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Blood

SHPS-1 promotes the survival of circulating erythrocytes through inhibition of phagocytosis by splenic macrophages.


PMID 16141346

Abstract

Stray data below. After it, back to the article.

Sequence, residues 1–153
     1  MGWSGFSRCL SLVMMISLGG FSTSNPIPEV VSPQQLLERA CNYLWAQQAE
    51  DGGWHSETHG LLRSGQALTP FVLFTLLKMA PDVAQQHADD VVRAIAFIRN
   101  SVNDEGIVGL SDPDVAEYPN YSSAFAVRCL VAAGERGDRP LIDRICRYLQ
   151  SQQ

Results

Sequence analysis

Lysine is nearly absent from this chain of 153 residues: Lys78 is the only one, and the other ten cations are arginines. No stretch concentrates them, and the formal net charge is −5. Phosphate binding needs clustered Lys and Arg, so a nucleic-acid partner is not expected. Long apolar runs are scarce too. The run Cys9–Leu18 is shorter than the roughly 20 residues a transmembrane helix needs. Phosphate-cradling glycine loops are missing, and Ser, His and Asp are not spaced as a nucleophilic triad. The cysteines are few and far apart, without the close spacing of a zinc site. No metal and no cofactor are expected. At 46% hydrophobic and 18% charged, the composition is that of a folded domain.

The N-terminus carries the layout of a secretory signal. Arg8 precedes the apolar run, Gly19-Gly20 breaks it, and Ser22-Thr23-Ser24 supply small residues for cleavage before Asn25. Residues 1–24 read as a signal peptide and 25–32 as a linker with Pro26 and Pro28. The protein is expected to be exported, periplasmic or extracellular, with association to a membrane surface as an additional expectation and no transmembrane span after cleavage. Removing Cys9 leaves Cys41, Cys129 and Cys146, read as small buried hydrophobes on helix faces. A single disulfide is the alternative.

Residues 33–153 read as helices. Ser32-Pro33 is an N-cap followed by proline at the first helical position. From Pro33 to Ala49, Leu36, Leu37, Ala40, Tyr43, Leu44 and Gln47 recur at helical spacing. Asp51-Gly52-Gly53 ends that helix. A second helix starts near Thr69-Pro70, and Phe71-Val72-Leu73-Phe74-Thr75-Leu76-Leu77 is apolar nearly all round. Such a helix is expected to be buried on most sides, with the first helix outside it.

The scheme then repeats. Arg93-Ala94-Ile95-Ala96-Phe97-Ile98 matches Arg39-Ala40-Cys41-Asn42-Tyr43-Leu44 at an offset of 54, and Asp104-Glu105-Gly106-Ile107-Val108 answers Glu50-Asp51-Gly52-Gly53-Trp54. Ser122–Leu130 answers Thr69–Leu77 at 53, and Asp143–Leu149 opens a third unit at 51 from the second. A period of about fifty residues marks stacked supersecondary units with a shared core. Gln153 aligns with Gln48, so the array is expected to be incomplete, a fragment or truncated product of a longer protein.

The lifespan of circulating red blood cells (RBCs) produced in bone marrow is determined by their elimination through phagocytosis by splenic macrophages. The mechanism by which RBC elimination is regulated has remained unclear, however. The surface glycoprotein SHPS-1, a member of the immunoglobulin superfamily, is abundant in macrophages. We have now examined the regulation of RBC turnover with the use of mice that express a mutant form of SHPS-1 lacking most of its cytoplasmic region. The mutant mice manifested mild anemia as well as splenomegaly characterized by expansion of the red pulp. The numbers of erythroid precursor cells in the spleen and of circulating reticulocytes were also increased in the mutant mice. In contrast, the half-life of circulating RBCs was reduced in these animals, and the rate of clearance of injected opsonized RBCs from the peripheral circulation was increased in association with their incorporation into splenic macrophages. Phagocytosis of opsonized RBCs by splenic macrophages from mutant mice in vitro was also increased compared with that observed with wild-type macrophages. These results suggest that SHPS-1 negatively regulates the phagocytosis of RBCs by splenic macrophages, thereby determining both the lifespan of individual RBCs and the number of circulating erythrocytes.